It's a close up photo, I purposely made sure to capture the line. In a different photo, you simply cannot see it:

Car Vehicle Plant Grille Hood


The reason: I've always done it that way - the first 18" on the hood gets 99% of the damage I'm trying to defend against thus the partial coverage. The other thing I considered is removal of the full hood would be a pain compared to the partial. I've taken off PPF before, it's not fun. Depending on the formulation of the PPF, discoloration may occur and you will eventually have to redo at around 5-6yrs. It's more apparent on white paint, though.
 

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The Xpel dealer down here shows a video of him doing a full PPF on a brand new Porsche GT3. He removed the lights and everything that he could to hide the edges. That would make me nervous.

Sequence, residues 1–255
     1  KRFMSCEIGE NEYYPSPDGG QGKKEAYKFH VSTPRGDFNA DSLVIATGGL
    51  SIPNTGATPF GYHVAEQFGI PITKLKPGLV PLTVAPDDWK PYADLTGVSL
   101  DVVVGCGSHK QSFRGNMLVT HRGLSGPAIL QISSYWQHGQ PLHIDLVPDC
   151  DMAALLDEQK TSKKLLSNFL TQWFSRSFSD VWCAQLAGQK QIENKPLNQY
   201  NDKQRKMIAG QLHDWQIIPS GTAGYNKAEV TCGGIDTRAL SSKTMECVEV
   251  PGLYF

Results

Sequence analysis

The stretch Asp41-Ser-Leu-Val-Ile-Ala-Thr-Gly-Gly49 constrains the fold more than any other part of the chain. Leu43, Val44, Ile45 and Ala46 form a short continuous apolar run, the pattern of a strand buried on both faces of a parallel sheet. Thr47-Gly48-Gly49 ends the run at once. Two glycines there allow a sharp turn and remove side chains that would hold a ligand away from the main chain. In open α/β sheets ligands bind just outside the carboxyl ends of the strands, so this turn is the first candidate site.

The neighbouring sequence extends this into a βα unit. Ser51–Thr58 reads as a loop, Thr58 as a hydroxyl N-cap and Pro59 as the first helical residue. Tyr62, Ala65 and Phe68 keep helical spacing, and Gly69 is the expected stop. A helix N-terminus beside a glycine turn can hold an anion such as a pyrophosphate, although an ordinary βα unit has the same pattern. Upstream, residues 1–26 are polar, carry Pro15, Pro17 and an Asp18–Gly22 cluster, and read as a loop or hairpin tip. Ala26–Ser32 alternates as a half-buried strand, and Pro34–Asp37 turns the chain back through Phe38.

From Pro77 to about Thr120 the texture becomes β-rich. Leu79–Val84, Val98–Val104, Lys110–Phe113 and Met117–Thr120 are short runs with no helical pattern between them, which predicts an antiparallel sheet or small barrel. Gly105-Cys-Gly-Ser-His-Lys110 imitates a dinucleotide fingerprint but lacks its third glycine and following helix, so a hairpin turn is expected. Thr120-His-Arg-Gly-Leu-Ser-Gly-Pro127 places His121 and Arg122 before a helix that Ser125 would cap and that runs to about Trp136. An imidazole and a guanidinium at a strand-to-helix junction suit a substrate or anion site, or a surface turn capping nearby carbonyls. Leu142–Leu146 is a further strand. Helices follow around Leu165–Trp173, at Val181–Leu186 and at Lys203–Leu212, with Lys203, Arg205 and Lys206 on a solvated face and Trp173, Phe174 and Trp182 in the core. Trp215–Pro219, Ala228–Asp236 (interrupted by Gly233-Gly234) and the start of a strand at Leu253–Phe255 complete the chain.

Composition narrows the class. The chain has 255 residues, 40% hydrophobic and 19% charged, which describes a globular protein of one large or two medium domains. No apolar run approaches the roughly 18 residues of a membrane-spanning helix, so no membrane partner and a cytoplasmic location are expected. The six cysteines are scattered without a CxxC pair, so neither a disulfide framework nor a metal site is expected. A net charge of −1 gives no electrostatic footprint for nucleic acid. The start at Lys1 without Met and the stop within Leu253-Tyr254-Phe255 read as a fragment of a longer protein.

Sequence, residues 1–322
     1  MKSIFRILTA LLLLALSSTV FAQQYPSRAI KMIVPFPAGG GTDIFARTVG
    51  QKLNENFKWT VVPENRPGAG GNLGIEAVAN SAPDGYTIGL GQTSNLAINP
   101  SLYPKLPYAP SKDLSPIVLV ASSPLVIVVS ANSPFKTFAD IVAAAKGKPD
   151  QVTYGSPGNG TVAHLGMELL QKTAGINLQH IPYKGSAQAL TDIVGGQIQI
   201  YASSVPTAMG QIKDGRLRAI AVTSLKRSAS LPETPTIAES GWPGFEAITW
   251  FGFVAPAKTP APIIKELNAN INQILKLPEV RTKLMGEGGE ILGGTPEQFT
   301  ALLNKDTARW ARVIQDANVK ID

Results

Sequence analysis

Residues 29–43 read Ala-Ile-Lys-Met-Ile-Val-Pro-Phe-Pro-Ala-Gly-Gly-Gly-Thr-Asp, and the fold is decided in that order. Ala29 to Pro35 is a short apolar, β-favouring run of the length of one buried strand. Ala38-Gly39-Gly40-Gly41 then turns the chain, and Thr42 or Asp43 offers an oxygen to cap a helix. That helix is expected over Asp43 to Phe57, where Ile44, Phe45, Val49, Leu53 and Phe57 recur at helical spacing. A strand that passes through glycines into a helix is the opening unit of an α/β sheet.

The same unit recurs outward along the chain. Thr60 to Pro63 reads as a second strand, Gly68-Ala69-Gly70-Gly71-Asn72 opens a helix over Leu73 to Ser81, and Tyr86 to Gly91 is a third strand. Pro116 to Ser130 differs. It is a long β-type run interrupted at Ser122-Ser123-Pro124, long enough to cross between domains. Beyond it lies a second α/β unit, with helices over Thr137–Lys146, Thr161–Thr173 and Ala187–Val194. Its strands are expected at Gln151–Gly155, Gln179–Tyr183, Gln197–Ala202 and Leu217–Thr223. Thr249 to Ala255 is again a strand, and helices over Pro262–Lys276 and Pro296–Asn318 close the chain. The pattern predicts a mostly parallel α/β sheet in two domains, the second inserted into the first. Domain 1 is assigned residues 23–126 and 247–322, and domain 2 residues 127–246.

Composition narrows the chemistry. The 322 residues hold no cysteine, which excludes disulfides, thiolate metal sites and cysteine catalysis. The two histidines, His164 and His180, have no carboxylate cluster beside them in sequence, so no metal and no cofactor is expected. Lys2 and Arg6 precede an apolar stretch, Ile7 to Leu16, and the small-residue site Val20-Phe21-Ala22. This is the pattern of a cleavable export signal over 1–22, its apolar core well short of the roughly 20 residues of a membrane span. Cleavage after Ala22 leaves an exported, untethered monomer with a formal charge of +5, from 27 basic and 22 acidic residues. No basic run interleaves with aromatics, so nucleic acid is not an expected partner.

If they're reputable and have a lot of good references, there's a high chance he knows what he's doing. The local PPF shop here also has high end cars in various states of disassembly for full wraps. They don't think twice about removing trim and not only that, they also try to cover the painted pillars, inside door jambs, anything that has OE paint so it's quite extensive and a costly exercise.
 

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My concern as I stated earlier was whether or not I could see the difference between the PPF covered and non covered parts. Would the non covered part age differently, etc?
No on the first part of your question, yes on the second - age will show yellowing, no matter how good the product is or how much chemistry trickery has been put into the urethane material. Almost nothing can protect against yellowing 100%. You can probably count on 7-8 yrs on the latest films, but in my experience they eventually show age and you will either live with it or redo it.